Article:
Lawmakers seek special session to stop warehouse tax
ST. PAUL -- Some Minnesota businesses are pushing the pause button on constructing new facilities, awaiting word about whether state legislators will allow a new tax to be collected.
A $20 million Red Wing Shoes distribution center is on hold "until we find out what happens," John Sachen of the company said last Thursday during a state Capitol news conference.
"We have already stopped business," said Representative Tim Kelly, R-Red Wing. "That's jobs."
Kelly and other Republicans asked Democratic Governor Mark Dayton to call a special legislative session to repeal a tax to be placed on businesses that pay to store goods. The warehousing tax was part of a $2.1 billion tax increase the Democratic-controlled Legislature and Dayton approved as the regular legislative session ended in May.
During legislative tax bill debate, key Democrats indicated implementation of the tax was delayed until next April because they knew it may need to be changed.
Kelly said a special session is needed right away to kill the tax and allow businesses to plan.
Dayton, the only person who can call a special session, would have none of it.
"This is a stunt, not a solution," Dayton Deputy Chief of Staff Bob Hume said. "The Legislature is coming back more than a month before this tax would take effect, which is more than enough time, if the revenues permit, to review and possibly revise the tax."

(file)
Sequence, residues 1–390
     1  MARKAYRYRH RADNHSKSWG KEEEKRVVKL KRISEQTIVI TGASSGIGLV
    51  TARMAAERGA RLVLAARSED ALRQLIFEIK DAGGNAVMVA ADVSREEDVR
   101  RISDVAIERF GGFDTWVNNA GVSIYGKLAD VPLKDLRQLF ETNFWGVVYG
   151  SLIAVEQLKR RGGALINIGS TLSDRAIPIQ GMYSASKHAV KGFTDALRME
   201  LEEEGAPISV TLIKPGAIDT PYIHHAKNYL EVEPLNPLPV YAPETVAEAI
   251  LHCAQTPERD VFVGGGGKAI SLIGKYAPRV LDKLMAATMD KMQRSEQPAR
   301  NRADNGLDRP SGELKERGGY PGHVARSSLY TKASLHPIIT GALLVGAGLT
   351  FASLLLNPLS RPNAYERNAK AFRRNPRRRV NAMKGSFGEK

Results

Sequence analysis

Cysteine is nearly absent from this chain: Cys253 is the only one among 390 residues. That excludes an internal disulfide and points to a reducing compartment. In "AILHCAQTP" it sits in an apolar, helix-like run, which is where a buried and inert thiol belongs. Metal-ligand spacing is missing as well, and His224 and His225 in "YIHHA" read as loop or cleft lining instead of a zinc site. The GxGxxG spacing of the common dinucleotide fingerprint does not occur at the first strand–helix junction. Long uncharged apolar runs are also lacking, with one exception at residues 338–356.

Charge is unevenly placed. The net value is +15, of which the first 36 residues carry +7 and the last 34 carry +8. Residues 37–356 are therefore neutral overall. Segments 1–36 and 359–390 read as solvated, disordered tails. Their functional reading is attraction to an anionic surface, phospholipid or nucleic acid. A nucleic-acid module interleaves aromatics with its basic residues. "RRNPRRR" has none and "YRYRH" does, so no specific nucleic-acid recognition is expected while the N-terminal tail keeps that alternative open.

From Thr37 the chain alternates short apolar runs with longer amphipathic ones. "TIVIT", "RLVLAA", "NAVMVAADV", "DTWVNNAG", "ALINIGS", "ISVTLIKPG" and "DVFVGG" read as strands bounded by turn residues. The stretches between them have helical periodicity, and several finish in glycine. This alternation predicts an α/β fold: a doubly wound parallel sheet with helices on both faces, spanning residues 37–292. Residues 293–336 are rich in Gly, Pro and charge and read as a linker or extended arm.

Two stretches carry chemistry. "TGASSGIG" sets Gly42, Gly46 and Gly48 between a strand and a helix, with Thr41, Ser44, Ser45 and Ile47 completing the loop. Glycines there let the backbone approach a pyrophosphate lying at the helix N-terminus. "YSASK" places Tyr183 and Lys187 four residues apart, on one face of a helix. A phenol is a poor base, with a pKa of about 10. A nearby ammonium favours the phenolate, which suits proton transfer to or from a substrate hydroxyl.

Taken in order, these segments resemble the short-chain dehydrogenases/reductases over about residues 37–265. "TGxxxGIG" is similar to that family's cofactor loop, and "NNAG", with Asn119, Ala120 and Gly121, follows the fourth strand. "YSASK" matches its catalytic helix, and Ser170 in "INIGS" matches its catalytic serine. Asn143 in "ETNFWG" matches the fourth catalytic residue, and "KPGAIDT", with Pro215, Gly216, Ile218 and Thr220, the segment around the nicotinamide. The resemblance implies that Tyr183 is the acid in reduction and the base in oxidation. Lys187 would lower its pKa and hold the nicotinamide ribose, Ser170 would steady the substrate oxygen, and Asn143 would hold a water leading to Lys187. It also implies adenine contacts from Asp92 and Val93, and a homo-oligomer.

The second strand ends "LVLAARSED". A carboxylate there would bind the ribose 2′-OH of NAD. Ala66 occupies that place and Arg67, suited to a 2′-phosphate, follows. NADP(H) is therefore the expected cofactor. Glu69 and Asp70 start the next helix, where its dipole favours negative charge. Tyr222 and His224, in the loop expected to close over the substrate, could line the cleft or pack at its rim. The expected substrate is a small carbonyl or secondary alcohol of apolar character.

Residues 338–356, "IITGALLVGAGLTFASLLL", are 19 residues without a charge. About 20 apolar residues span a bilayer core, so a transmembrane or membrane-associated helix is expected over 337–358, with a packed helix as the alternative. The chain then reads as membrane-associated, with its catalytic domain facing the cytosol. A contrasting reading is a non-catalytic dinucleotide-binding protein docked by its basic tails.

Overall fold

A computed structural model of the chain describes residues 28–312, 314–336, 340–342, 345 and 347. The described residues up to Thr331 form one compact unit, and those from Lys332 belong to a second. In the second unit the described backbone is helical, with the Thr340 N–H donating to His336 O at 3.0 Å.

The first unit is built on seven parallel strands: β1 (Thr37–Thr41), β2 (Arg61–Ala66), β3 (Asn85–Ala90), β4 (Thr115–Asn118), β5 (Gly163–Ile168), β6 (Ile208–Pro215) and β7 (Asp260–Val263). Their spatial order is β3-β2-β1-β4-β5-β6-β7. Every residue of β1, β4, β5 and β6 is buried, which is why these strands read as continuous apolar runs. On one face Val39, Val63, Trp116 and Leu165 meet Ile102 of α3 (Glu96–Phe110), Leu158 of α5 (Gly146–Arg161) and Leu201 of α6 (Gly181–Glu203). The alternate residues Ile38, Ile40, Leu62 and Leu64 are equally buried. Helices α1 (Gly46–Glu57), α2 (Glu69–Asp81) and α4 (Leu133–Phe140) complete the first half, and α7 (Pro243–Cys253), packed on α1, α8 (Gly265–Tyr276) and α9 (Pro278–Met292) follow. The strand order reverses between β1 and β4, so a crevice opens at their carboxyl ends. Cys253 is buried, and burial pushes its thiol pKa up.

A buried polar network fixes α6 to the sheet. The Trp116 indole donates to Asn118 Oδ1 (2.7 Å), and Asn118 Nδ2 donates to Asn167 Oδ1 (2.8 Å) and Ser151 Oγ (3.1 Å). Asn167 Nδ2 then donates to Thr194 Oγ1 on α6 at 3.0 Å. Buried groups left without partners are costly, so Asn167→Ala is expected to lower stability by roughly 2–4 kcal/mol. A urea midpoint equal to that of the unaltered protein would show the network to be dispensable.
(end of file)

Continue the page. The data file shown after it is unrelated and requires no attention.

Representative Pat Garofalo, R-Farmington, said he would expect "a 15-minute special session, in and out."
"Why wait?" he asked. "There is bipartisan agreement that this is a mistake."
Kelly said the $100 million in revenue due from the warehouse tax easily could be filled by another source, especially since the state has received a series of better-than-expected revenue reports.
Sachen said Red Wing Shoes put its $20 million distribution center-warehouse on the back burner because of the tax, delaying construction at least a year.
The shoemaker plans for another business to build the facility, with the shoemaker leasing space. If the company built its own warehouse, the tax would not apply, but Sachen said the company is in the shoemaking business, not warehousing.
If the tax is allowed to start in April, the shoemaker would be charged a 6.5 percent tax on its lease payments.
Sachen stopped short of threatening to build the new warehouse in another state that does not charge the tax, but trucking and warehouse company owner Stephen Lawrence, also from Red Wing, said it is possible that his next warehouse could be in Wisconsin.
"We are not sure what to do next," Lawrence said.
Lawrence said a special session is preferable because if the issue waits until next year, "we are just concerned that this is going to get lost in the shuffle."
House Speaker Paul Thissen, DFL-Minneapolis, said any change should come only after more consideration.
"Rather than rush to judgment without more facts and feedback, it is important we listen to the public and business community so we are prepared to make any needed changes next session," Thissen said.
Garofalo said there is no reason Lawrence, Red Wing Shoes and other businesses must build in Minnesota.
"These services they are providing can be provided in other states," he said.
Senator Matt Schmit, DFL-Red Wing, said he has met with Red Wing Shoes, Lawrence trucking and other businesses that would be affected.
"I have made a commitment to them that I will lead the charge next session to repeal the warehouse tax," the senator said.
However, Schmit said, he is not calling for a special session.
"I'm convinced this is going to hurt our border communities," he said of the warehouse tax.
Sachen said Red Wing Shoes President Dave Murphy discussed the tax over dinner with Dayton.
Several questions remain about the tax.